Having a Life
- RE: Newbie Questions -Reply
by William Vannerson <William_Vannerson/ama-assn.org> (Mon, 03 Nov 1997)
- Substrate Desiderata
by George Booth <booth/frii.com> (Wed, 10 Feb 1999)
by William Vannerson <William_Vannerson/ama-assn.org>
Date: Mon, 03 Nov 1997
>>The plstic plants wont have any effect on your water
quality either way so if you like them...keep em.<<
I've been back in the hobby for a year now, but I still consider
myself a newbie. This question is one I have asked myself
as well so I' post an answer to Heather and expand on my
*philosophy* a bit. Be forewarned that this will go a bit
beyond the question of plants.
--On soap box--
I use plastic plants and with some Watesprite.
IMHO keeping healthy plants in a tank can be as challenging
as keeping fish. They need attention and care too. So I
decided to concentrate on the fish first then work into plants if
I feel up to it. (Also , I have a *brown* thumb).
The Watersprite is a recent addition that I decided to try
because I was told that it's VERY easy to maintain. So far,
that's proven accurate.
Anyway, the point is do what feels comfortable for you. There
are advantages to having live plants in a tank but they do
require some time and energy. Don't feel compelled to take
on too much at one time if you're not comfortable with the
idea. It's your hobby... enjoy it.
BTW the same holds true for water chemistry. I was a bit
intimidated when I first came back by talk of R/O and pH and
hardness, etc. Most fish will do well under normal tap water
conditions (neutral ph and moderate hardness). There are
exceptions and the African rift lake cichlids are among them.
But the key is that they will survive. Inducing them to breed
is a different matter that most likely will require additional
attention to water , diet, environment, etc.
My recommendation would be to start basic. Don't try to
incorporate too many new variables to your skill set at one
time. Then start adding new items to the mix, like adjusting
the water chemistry or learning how to culture of BBS (if you
don't already). Separately, none of these aspects are
exceptionally difficult, the problems I've encountered is
weaving them into my life along with my other responsibilities
of family, house and work.
So if all of the variables and activities seem to be piling up
then buy the plastic plant if that's more comfortable for YOUR
success and worry about adding live plants later. Or if you
think you want to take a stab at it, go ahead. If it works,
great. If not, don't worry about it and enjoy the fish.
--Off soap box--
McHenry, IL USA
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by George Booth <booth/frii.com>
Date: Wed, 10 Feb 1999
Gomberg recently mumbled something about a substrate desiderata...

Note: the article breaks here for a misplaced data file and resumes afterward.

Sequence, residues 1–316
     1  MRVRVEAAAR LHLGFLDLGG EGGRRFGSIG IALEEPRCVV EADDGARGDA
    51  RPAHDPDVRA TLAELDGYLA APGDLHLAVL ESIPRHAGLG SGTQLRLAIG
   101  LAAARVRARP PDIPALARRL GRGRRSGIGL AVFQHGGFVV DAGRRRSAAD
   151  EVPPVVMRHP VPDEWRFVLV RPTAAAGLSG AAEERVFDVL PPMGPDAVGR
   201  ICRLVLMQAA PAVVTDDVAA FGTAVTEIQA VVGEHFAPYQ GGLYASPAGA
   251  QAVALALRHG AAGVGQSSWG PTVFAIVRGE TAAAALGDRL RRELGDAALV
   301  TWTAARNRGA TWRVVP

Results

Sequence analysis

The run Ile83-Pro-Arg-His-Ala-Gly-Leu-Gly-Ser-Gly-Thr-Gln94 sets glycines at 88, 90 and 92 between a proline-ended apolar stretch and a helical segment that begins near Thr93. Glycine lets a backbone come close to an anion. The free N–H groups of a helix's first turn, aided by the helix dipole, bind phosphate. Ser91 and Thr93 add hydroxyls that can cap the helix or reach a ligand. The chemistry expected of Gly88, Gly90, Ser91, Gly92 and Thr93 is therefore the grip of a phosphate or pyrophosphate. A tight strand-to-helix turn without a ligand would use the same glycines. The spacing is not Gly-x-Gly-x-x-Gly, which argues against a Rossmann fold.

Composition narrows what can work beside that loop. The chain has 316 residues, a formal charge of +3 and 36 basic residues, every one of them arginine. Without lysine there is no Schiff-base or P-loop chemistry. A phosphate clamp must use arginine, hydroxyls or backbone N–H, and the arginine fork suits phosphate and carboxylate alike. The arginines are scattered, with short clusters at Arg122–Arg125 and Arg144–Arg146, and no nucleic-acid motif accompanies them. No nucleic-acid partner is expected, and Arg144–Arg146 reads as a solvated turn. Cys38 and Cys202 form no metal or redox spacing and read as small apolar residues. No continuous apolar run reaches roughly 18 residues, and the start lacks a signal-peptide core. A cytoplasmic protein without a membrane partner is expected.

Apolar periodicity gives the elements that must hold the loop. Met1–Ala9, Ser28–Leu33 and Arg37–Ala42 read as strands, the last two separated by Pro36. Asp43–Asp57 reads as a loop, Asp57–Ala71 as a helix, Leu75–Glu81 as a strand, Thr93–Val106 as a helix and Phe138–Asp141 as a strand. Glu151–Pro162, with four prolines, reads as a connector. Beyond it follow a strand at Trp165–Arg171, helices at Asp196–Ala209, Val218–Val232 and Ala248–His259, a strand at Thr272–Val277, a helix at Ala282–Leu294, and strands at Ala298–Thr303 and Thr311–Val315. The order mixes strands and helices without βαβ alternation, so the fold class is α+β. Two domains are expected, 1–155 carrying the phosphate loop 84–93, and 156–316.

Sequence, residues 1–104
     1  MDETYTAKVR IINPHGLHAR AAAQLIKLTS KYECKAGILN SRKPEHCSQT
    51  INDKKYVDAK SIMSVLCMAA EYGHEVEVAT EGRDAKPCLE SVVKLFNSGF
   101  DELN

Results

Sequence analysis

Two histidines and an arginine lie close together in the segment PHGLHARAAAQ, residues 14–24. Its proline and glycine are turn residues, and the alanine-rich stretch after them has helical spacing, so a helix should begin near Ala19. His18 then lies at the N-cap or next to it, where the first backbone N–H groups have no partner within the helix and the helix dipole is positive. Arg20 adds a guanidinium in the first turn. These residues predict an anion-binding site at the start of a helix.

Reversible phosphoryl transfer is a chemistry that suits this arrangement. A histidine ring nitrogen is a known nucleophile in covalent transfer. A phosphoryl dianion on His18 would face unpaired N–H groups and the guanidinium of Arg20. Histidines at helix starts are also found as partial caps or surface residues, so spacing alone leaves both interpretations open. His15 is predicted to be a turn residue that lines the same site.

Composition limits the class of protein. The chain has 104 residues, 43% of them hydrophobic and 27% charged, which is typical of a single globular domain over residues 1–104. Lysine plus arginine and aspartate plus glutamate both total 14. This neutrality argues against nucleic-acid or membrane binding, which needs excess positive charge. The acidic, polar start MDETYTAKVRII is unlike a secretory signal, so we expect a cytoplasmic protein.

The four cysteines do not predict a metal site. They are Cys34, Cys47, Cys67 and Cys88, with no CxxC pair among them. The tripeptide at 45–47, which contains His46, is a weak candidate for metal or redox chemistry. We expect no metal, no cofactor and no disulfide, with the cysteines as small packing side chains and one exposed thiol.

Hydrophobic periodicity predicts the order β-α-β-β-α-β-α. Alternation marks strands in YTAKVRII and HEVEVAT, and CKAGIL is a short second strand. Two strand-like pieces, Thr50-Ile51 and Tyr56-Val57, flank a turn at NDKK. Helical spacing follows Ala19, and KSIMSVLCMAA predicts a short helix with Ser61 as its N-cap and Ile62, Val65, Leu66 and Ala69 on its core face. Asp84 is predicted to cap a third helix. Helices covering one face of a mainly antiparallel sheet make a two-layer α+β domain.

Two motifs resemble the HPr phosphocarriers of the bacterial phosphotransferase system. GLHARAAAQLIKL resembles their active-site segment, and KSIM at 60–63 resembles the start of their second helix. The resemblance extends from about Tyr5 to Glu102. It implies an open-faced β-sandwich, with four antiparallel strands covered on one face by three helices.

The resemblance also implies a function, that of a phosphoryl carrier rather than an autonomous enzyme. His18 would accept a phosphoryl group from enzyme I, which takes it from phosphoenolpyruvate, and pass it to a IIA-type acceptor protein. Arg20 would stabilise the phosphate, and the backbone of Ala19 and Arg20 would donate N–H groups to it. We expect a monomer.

is this what you had in mind, Dave?
~ Substrate Desiderata ~
Go placidly amid the claims and counterclaims and remember what peace there
be in proven ideas. As far as possible without surrender, be on good terms
with all experts. Speak your truth quietly and clearly; and listen to
even the dull and the advertisers; they too have their story. Avoid wordy
authoritative persons, they are vexatious to the spirit. If you compare your
aquarium to others you will become vain and bitter; for always there will be
greater and lesser substrates than yours. Enjoy your achievements as well as
your plans. Keep interested in your own substrate, however humble; it is a
possession in the maddening search for perfection. Exercise caution in your
fertilizer additions; for the world is full of hidden phosphates. But let
not blind you to what beauty there is; many people have pristine plants but
everywhere is potential for algae. Do not bleach. Especially do not feign
expertise. Neither be cynical about heating coils for in the face of all
argument and hypothesis they are as mysterious as the stars. Take kindly the
council of the years, gracefully surrendering the things of newbies. Nurture
stored nutrients to shield you in sudden misfortune. But do not distress
yourself with imaginings. Many fears are born of ill-founded logic and local
fish store clerks. Beyond a wholesome discipline, be gentle with yourself.
are a child of the universe. No less than the gravel and the laterite; you
a right to be here. And whether or not it is clear to you, no doubt your
are growing as they should. Therefore be at peace with your aquarium,
you perceive it to be, and whatever your labors and aspirations, in the noisy
confusion of life keep peace with your substrate. With all its sham,
and broken dreams, it is still a nutrient source. Be careful. Strive to be
with apologies to Max Ehrmann (1872-1945)
George Booth, Ft. Collins, Colorado